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Demystifying Dizziness- Vestibular Neuritis



You are a super mom- flying around bringing your kids to their various activities, organizing family events on the weekends, all while keeping a standard 9:00-5:00 job. One evening when you are sitting down with your husband after putting the kids to bed you begin to feel slightly nauseous and over the course of a few minutes you begin to feel slightly uneasy. You go to get up to get some fresh air and BOOM! Everything around you explodes into spinning movement and your husband catches you as you begin to stumble.

Have you ever experienced a similar situation described in the story above? If so, what just happened? This situation describes a classic presentation of vestibular neuritis. Vestibular refers to the balance system in your inner ear, while neuritis refers to nerve inflammation. In short, vestibular neuritis means inflammation of the vestibular (balance) nerve, which communicates with your inner ear and your brain.

As with most conditions that trigger dizziness, vestibular neuritis can be a terrifying thing to experience. Its classic hallmark is its gradual onset of vertigo and imbalance that builds up over the course of minutes to hours in a slow explosion to when symptoms peak. Unlike BPPV in which the episodes of dizziness occur in short bursts that last seconds at a time, vestibular neuritis will trigger a prolonged episode of vertigo that builds up over time and may last days to weeks as symptoms gradually settle.

What causes it?

Vestibular neuritis is most commonly caused by an infection, typically viral in nature. One of the main viruses that is thought to cause vestibular neuritis is the Herpes virus. This is the same virus that causes chicken pox and shingles and it lies dormant in your nerve roots. Normally, this is not a problem, but if this virus becomes reactivated it will trigger nerve irritation and inflammation. If this occurs in a nerve going to your skin it will result in shingles. If this occurs in your vestibular nerve it will result in symptoms of imbalance, vertigo, and nausea.

Vestibular neuritis can affect anyone, though typically it tends to occur more commonly in middle age adults. It is unknown what may trigger it, but some factors may include stress or preceding colds or infections.

Classic symptoms of vestibular neuritis include:

· Sudden onset of vertigo or dizziness

· Imbalance/difficulty walking

· Nausea and vomiting

*Note: vestibular neuritis will not affect your hearing. This is a key differentiating factor of vestibular neuritis from other inner ear problems.


So, you think you have vestibular neuritis…now what?

Early intervention is key! As with any condition, the faster you can seek treatment, typically the better your recovery. This is particularly important with vestibular neuritis.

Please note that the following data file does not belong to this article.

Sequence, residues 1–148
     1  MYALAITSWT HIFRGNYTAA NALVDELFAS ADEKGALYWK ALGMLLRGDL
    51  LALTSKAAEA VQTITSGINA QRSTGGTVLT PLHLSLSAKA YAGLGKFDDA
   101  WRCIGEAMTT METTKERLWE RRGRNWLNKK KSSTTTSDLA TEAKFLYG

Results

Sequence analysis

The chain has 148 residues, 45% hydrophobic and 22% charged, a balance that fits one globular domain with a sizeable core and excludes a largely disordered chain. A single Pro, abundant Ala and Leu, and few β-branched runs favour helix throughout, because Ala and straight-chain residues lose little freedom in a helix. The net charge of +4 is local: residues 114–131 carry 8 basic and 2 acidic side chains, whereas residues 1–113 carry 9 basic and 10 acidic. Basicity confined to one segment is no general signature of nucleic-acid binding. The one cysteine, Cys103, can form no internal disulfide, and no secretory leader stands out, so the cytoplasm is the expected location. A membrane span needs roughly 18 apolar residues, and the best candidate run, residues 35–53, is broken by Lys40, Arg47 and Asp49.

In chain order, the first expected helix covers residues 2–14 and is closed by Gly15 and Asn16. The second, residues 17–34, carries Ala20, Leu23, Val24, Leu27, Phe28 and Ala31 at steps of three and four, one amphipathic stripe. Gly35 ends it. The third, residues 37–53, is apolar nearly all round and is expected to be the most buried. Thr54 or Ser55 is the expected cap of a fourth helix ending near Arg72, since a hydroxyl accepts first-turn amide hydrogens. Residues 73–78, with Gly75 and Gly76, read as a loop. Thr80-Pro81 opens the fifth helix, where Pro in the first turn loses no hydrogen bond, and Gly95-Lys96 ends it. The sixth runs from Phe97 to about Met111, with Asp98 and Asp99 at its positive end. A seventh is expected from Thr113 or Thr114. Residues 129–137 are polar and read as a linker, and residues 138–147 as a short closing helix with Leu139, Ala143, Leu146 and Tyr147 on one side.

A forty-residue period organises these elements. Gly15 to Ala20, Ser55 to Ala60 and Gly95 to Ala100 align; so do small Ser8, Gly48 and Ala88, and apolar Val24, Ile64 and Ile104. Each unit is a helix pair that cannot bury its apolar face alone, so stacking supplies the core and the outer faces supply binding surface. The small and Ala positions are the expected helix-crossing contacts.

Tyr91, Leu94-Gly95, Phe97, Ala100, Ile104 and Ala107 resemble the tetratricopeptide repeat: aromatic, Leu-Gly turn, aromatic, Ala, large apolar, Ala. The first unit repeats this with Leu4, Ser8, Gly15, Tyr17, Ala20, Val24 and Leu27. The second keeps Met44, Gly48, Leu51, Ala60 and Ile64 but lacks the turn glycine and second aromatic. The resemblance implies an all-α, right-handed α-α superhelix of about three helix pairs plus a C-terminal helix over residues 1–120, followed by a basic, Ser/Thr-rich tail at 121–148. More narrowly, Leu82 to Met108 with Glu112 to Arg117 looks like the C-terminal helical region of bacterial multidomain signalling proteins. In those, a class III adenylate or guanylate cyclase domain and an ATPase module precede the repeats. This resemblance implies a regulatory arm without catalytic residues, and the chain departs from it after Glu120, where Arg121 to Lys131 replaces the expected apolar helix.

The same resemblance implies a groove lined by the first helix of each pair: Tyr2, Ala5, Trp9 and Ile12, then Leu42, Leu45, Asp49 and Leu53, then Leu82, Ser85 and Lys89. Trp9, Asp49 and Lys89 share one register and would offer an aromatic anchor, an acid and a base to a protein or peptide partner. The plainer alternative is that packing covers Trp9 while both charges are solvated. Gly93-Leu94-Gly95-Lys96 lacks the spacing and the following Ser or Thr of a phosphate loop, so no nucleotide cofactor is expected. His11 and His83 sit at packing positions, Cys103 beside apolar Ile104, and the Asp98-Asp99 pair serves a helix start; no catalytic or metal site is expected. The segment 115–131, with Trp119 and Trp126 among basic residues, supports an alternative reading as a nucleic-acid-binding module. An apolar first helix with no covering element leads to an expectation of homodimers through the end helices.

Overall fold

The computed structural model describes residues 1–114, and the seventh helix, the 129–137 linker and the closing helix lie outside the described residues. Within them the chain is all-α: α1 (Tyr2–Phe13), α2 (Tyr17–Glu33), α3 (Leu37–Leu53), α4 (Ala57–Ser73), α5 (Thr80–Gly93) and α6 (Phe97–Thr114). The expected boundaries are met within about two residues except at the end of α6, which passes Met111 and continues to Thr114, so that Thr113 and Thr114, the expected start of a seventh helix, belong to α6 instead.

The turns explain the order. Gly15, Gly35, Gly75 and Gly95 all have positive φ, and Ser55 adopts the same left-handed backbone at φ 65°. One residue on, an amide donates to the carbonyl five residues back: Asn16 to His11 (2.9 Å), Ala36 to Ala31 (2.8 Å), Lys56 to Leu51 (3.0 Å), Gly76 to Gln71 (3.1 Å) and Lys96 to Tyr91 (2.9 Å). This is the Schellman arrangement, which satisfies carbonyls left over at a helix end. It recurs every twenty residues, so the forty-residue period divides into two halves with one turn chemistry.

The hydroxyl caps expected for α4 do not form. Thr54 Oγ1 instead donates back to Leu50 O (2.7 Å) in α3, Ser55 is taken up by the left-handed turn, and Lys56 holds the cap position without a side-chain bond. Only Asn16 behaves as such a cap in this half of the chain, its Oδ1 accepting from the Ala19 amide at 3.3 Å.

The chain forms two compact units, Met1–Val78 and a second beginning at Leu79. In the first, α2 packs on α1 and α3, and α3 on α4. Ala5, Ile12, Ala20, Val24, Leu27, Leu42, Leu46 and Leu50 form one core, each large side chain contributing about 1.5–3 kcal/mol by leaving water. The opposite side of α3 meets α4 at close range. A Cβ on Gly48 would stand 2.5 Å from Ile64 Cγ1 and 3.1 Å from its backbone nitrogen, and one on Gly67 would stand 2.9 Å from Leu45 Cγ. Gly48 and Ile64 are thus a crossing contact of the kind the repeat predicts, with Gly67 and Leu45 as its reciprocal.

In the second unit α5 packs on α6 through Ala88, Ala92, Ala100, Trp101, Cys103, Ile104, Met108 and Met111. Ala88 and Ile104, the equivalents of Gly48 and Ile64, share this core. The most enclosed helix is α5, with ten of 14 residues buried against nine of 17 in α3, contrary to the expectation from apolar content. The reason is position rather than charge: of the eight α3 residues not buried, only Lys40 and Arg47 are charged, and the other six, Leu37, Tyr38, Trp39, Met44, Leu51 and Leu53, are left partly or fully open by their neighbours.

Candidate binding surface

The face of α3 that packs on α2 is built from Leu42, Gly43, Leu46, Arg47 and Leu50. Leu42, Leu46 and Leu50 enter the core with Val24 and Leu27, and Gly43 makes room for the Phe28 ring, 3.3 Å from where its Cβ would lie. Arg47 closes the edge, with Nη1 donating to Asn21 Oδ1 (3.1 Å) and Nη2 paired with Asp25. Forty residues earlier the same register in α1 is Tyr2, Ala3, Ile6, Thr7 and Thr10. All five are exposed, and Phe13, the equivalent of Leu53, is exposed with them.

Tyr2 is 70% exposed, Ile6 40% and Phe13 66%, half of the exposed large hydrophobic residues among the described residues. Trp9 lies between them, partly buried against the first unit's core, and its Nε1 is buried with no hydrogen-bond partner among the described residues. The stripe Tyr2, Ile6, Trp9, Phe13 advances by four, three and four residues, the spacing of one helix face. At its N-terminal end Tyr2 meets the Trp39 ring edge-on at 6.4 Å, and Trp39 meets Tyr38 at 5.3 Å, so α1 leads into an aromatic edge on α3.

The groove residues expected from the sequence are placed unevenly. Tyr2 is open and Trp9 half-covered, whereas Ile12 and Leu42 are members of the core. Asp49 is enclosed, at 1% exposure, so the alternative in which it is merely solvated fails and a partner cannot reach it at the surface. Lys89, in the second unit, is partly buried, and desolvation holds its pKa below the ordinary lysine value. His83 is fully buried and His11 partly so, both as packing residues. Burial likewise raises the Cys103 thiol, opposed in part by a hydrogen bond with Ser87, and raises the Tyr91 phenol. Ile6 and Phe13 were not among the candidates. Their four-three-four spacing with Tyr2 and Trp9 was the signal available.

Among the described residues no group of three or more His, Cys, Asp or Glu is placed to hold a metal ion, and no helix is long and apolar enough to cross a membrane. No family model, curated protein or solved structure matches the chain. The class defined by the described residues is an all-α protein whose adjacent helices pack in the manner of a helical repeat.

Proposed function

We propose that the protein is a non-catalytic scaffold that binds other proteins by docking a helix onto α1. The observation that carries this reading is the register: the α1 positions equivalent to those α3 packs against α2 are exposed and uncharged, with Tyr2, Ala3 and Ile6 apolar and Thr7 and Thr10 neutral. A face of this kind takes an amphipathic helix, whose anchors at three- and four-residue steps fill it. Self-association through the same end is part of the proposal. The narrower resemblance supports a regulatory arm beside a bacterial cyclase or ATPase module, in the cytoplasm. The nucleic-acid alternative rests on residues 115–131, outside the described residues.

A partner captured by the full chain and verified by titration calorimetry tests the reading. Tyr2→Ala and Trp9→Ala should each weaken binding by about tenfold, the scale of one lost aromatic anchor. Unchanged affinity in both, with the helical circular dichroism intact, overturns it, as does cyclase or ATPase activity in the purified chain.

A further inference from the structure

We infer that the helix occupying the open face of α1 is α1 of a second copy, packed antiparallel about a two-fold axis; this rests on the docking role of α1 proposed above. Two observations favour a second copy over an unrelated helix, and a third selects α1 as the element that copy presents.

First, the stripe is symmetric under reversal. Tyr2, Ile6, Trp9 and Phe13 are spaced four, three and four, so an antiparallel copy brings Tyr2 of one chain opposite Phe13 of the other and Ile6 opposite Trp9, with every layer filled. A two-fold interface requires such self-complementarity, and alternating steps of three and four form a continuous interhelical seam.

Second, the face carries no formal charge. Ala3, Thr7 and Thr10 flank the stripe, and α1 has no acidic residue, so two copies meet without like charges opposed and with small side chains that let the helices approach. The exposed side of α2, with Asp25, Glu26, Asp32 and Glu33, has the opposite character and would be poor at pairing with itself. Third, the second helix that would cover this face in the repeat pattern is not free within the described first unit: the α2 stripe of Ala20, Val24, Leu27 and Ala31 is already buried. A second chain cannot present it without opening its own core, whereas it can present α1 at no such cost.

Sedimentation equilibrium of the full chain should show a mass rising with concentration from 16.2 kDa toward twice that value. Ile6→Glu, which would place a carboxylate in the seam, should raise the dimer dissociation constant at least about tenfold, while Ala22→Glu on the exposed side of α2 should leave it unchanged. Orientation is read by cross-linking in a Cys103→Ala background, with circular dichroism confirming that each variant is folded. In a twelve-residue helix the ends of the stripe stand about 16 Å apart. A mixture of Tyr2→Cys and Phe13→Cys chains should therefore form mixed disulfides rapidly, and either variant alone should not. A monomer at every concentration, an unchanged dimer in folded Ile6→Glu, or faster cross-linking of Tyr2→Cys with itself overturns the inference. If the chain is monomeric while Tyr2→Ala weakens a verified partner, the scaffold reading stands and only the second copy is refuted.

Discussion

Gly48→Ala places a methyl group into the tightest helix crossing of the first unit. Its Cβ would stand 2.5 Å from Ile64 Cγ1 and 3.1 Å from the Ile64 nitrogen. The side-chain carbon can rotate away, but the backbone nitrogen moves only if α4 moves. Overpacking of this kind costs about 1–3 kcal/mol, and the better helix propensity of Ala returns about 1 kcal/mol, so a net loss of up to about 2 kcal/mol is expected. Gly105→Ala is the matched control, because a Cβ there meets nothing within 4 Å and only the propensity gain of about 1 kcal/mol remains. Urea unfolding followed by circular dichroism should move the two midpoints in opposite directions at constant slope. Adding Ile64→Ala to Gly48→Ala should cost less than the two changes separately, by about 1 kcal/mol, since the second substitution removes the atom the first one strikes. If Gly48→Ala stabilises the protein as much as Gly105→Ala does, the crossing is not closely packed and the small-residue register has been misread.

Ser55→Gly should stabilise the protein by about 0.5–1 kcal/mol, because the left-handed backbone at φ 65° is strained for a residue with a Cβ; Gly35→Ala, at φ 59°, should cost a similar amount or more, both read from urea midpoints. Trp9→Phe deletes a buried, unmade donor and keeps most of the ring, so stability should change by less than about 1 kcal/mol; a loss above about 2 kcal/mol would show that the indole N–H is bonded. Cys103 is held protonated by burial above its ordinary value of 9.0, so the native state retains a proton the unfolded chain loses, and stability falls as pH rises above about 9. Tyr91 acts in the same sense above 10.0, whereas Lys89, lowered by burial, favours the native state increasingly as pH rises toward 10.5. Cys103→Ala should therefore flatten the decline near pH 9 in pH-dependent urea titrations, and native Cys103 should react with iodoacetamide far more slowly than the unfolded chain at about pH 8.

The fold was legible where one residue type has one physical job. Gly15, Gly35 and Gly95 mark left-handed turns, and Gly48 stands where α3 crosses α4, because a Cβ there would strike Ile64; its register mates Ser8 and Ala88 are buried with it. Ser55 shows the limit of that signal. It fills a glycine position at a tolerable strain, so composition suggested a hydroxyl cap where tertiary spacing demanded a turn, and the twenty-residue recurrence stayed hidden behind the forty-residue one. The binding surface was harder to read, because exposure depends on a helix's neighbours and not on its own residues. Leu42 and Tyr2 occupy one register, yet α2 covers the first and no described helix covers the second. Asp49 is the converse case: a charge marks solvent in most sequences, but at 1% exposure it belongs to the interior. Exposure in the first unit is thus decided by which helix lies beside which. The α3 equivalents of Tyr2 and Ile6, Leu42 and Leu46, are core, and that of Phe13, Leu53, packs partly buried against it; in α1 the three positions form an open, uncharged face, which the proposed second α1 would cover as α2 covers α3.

Think of your brain as a computer. It is constantly getting updates from all of your senses and upgrading its systems based on that information. In the case of vestibular neuritis, the nerve connecting your balance system with your brain has become inflamed and is no longer communicating accurate information about your balance system to your brain. Your brain will take this inaccurate information and try to adapt its systems to fit it. Though, if left alone, vestibular neuritis will gradually resolve on its own, without timely appropriate treatment you will likely experience prolonged problems with imbalance due to the changes in your brain’s programming.

In the early stages of vestibular neuritis, sensations of nausea and vomiting can be quite intense. It is very important to stay hydrated to avoid complicating the situation. In addition, working with a vestibular physical therapist will help to rehabilitate your vestibular system and prevent poor compensation of your brain’s systems. For this same reason, it is equally important to begin moving as soon as possible once acute symptoms begin to settle.

As you progress in your recovery introducing balance exercises will help to strengthen and support your stability. Classes focusing on core stability and coordination, such as Tai Chi, Qigong, yoga, Pilates, and Essentrics are all great ways to support your recovery and help you feel stronger and more balanced!


Dr. Speranza is an upper cervical Chiropractor in Calgary, Alberta, Canada. She follows the protocols of the National Upper Cervical Chiropractic Association (NUCCA) to help people experiencing problems with postural related dizziness regain balance, return to doing the activities that they love, and ultimately take back control of their health.

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